Thursday, November 25, 2010

It's cruel to submit

When I suggested to my mother that we might read Ephesians 5 at our wedding. She reacted very strongly. Totally out of character for her. "You should not read that. You shouldn't submit to your husband! I don't submit to your father!"

However, I can remember plenty of times when she has "submitted" to my father. Her idea of what the word "submit" meant, was obviously different to mine.

Through conversations with other non-Christian friends I've come to realise that to many people to "submit" means, primarily, submit to cruelty. That a wife should not speak up about being beaten. That a wife should just do whatever her husband wants, no matter what he asks or what his motivation. To blindly obey.

The idea of "submitting" to something good, in my opinion, isn't contemporary use of the word. This is especially so in the case when you're commanded to do it (in this case, by Paul).

What did the original, Ephesian audience think of a wife "submitting"? That it wasn't particularly controversial. Of course a good wife will submit to her husband.

If it wasn't anything controversial, why did Paul have to say to do it? That reason is left unsaid in Ephesians, but it is stated in Titus:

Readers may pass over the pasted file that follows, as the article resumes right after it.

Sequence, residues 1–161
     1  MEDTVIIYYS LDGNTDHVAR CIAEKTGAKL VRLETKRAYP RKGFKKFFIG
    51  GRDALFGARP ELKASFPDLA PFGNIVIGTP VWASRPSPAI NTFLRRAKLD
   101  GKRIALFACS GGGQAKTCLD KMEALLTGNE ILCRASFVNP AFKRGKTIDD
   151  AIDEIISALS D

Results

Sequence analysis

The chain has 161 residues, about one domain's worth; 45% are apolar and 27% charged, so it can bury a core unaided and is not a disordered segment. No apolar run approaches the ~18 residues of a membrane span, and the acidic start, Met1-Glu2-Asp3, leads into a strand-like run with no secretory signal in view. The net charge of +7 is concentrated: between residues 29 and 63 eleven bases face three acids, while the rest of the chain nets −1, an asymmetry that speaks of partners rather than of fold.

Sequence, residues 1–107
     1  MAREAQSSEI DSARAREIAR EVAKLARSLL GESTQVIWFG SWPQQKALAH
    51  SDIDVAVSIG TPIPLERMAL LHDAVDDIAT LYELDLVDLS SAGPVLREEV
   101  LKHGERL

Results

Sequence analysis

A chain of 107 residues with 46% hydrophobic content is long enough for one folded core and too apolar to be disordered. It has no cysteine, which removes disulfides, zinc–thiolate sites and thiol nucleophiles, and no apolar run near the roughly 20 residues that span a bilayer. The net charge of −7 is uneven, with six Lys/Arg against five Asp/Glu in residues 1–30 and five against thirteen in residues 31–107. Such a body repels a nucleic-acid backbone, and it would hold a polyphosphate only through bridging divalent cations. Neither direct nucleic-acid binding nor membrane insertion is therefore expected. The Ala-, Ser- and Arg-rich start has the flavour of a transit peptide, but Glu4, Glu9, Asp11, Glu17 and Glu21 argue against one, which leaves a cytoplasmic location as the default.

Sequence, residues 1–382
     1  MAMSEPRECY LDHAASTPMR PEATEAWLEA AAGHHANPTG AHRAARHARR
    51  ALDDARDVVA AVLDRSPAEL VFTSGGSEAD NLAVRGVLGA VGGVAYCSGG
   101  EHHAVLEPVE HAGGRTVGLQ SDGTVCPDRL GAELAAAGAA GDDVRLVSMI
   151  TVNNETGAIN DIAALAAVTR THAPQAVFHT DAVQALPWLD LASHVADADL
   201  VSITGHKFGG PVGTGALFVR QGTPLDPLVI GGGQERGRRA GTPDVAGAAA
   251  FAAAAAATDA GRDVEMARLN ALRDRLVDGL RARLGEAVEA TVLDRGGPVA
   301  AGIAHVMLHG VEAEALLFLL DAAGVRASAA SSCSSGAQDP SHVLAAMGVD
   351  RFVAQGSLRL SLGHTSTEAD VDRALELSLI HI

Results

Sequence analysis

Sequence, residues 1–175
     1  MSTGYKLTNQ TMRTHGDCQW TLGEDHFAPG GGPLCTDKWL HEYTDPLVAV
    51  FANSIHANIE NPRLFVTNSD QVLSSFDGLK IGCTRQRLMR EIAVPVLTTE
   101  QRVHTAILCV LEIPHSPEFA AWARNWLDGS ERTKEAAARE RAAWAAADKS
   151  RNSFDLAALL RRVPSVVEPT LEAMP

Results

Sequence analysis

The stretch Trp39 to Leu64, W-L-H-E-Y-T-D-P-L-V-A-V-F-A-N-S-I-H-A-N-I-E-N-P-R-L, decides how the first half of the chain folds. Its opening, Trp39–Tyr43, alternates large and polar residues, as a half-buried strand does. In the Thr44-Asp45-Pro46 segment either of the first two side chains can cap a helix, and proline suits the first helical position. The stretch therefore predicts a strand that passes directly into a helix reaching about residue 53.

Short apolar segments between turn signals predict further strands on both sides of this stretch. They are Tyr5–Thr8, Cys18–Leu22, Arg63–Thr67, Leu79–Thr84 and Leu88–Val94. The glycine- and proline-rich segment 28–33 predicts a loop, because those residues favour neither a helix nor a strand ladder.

"being submissive to their husbands, so that the word of God may not be discredited."  Titus 2:5

In the letter to Titus, the behaviour of "submission" is guided by the principle "so that the word of God may not be discredited".

In a society where the thing which most strongly discredits God's word is charges of misogyny - how are we to interpret these verses.

Though submission does have strong negative overtones in our society, respect for your husband remains a very positive thing. Instead of encouraging Christian wives to submit (and thereby derailing they whole purpose by using a confusing term, and by inviting charges of misogyny from others). Let's put our energy in encouraging our wives to respect their husbands. To be devoted to them. To encourage the good in them. To overlook the bad. Under Christ to be devoted to them, and to their wellbeing. Who wouldn't want a wife like that?

1 comment:

  1. You're right, we do lose something in the word "submit", and add something else (which is against the goal of not discrediting the gospel). I agree with your suggestions on what we should ask wives to do, but think the list is lacking. Although "submit" might not be the best word now, because of its connotations, surely it meant more than respect and devotion. It's comparable (in Eph 5) to the church's response to Christ, which is a lot more than respect and devotion; and it's paralleled with slaves to masters and children to parents. There is certainly an element of authority, which is counter-cultural now, and an element of willingness and cheerful heart, which was counter-cultural then.